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Kenley Jansen has no time for MLB pace of play initiatives

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MLB: Los Angeles Dodgers-Workout Joe Camporeale-USA TODAY Sports

PHOENIX — Wednesday was the first day of pitchers and catchers workouts at Dodgers camp, and closer Kenley Jansen was among those who threw a bullpen session at Camelback Ranch.

But before he took the mound Jansen took aim at the pace of play initiatives bandied about by commissioner Rob Manfred, including a pitch clock and limits on mound visits.

“That’s ridiculous. Football is four hours, four and a half hours. The Super Bowl was five hours,” Jansen said. “Baseball fans aren’t going to stop watching because the game is too long.”

The average MLB game time in 2017 was three hours, eight minutes, the highest number in history. It was the sixth straight year of games averaging at least three hours, and beat the previous record of 3:07 set in 2014.

Jansen instead offered that the pace of play has been negatively affected by changes in hitting styles, and facing pitchers who were rushed before mastering their pitches.

“Everybody wants to swing for the fences. There’s a lot more strikeouts, and a lot of walks,” Jansen said. “You can put all these changes in, but if pitchers cannot command their pitches the game is going to be longer.”

Speaking of slowing things down, the Dodgers won’t push Jansen this spring. The plan for Jansen and other pitchers is to have a reduced workload in the preseason, leaving plenty in the tank for the regular season and beyond.

“We talked about it in November, with our training staff, Honey and Doc, about our pitchers. Obviously when you play an extra month, and have designs on playing an extra month this year as well, it’s just being mindful of it,” president of baseball operations Andrew Friedman said. “Spring training is a good length for starting pitchers and there is not a lot of wiggle room, but with relievers there is.”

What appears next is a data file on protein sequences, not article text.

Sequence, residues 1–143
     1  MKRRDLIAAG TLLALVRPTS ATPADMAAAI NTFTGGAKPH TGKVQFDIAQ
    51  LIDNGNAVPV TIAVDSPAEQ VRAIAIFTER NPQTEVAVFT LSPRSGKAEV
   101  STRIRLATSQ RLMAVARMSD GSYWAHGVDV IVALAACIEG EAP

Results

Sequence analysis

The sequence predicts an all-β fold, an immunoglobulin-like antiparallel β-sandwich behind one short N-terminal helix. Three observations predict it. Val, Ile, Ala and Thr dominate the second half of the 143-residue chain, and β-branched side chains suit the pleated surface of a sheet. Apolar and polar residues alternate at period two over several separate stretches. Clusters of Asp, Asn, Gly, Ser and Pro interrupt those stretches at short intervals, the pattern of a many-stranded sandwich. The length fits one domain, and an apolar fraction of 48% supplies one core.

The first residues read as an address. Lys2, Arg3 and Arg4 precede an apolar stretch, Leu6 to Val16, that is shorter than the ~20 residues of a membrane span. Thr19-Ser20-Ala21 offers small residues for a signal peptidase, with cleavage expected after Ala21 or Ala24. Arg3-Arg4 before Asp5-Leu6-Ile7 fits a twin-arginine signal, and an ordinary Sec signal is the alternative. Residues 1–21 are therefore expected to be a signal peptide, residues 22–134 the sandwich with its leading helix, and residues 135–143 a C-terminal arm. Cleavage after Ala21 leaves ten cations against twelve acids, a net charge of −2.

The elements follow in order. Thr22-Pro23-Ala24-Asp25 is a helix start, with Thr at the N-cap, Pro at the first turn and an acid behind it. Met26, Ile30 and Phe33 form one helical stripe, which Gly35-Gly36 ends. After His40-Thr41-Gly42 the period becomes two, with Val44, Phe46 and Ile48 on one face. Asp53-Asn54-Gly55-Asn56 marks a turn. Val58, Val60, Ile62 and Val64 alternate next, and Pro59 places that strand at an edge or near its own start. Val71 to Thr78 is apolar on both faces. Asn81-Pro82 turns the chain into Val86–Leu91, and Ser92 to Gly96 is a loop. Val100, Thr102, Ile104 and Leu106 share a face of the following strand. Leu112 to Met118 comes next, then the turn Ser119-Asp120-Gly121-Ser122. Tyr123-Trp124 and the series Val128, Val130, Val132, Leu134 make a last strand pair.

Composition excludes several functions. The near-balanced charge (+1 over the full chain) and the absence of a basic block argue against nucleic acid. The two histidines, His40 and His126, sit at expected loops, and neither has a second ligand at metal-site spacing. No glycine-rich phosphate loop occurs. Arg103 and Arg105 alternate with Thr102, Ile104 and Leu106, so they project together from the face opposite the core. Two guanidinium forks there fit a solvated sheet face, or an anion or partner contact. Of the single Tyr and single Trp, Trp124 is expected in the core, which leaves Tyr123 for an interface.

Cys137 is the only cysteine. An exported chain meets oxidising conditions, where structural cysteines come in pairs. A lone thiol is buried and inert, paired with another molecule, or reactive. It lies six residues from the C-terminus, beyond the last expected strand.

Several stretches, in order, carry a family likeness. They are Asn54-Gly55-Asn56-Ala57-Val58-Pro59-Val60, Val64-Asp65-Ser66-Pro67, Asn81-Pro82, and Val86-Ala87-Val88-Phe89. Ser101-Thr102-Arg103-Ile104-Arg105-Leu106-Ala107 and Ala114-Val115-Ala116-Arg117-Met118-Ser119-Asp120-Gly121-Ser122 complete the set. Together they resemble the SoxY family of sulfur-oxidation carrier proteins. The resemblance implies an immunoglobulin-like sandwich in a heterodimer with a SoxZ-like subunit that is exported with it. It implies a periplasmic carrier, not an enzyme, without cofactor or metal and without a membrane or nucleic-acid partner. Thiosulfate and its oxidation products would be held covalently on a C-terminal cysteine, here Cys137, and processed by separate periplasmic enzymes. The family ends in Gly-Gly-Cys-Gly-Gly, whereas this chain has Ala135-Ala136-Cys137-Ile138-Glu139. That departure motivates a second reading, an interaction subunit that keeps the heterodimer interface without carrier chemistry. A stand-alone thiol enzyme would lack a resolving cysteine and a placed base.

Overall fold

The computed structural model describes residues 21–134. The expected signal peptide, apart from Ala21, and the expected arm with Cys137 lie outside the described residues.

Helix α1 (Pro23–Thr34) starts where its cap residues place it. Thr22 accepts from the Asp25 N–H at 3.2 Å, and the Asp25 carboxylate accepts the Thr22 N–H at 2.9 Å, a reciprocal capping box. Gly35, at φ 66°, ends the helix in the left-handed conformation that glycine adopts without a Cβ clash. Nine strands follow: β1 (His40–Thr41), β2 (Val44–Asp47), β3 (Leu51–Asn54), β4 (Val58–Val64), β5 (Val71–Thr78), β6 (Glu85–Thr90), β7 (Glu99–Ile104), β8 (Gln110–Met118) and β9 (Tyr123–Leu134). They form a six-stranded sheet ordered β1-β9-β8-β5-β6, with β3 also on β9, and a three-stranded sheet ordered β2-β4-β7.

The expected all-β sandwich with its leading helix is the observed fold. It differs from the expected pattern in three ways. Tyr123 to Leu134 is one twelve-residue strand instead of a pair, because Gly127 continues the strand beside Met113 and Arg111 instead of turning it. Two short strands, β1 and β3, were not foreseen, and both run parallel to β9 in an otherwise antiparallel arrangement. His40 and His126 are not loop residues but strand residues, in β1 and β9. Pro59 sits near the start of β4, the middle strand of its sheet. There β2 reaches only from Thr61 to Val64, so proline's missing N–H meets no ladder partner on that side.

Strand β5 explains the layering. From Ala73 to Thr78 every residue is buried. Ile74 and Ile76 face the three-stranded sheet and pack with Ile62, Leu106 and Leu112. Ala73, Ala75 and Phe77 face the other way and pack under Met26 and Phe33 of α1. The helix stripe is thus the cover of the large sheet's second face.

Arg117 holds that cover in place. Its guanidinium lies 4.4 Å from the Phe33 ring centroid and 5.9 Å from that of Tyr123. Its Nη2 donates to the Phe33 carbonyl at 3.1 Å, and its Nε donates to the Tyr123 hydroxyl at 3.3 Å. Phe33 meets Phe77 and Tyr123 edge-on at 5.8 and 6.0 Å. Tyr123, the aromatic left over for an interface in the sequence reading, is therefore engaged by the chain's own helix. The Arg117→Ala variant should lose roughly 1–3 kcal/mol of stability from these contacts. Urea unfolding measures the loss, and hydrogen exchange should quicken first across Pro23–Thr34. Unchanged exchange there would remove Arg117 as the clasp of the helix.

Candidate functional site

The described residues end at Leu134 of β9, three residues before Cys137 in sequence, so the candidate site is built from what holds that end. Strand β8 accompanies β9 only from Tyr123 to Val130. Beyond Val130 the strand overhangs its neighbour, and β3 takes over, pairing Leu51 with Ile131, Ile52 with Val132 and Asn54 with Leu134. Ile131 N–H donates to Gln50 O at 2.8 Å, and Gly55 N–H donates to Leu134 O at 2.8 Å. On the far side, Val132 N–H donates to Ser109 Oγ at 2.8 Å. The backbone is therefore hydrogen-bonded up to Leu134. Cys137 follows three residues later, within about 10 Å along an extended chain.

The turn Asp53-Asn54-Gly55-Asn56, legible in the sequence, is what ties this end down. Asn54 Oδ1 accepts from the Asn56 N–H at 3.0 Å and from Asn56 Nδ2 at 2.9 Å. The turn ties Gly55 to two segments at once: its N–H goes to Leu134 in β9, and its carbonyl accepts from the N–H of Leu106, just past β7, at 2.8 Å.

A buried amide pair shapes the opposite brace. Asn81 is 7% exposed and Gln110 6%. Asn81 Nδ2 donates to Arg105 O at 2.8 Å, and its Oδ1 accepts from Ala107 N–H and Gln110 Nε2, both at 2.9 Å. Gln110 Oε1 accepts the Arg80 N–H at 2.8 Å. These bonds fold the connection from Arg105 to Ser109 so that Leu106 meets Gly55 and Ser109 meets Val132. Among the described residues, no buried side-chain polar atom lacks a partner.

Comeback story

Two-time Cy Young Award winner Tim Lincecum will hold a workout in Seattle on Thursday, and Friedman said the Dodgers will have representation on hand to watch the right-hander. Lincecum is looking to make a comeback after not pitching in 2017. He posted a 9.16 ERA in 38⅓ innings with the Angels in 2016 and from 2012-16 with the Giants and Angels had a 4.94 ERA in 654 innings, a 72 ERA+.

There will reportedly be at least 10 teams on hand to watch Lincecum on Thursday per Jon Heyman of FanRag Sports. Lincecum turns 34 in June.

Man of steal

MLB: Los Angeles Dodgers-Workout Joe Camporeale-USA TODAY Sports

I told catcher Yasmani Grandal that various projection systems have him slated for exactly one stolen base in 2018, which would match his total for the previous three seasons combined. He offered a possible scenario as to how the steal might happen.

“Maybe in a game where we’re up 4-0, 5-0 in the fifth inning. Two outs and the guy has two strikes,” Grandal explained. “If I go and he doesn’t swing and I get thrown out, he at least gets his at-bat back the next inning. If I steal and he gets a base hit then I have a chance to score.”

Grandal stole a career-high three bases in 2014 with the Padres, but only has four steals in his career.

“I stole [three] bases the year I came off of knee surgery, just trying to prove a point. Other than that I don’t win games by running,” he said. “I win games by calling a good game, getting on base and hitting homers. In my opinion if I get to steal a base this year, whenever that is, great. If not, it’s not like I’m going to go 20-20.”

Quote of the day

Friedman referenced the Rodney Dangerfield classic ‘Back to School’ in describing the Dodgers’ longshot efforts to try to retain pitcher Yu Darvish while also remaining under the $197 million competitive balance tax threshold for 2018.

“We knew that it was going to require a Triple Lindy of sorts, so any time that is a factor it just reduced the chances,” Friedman said.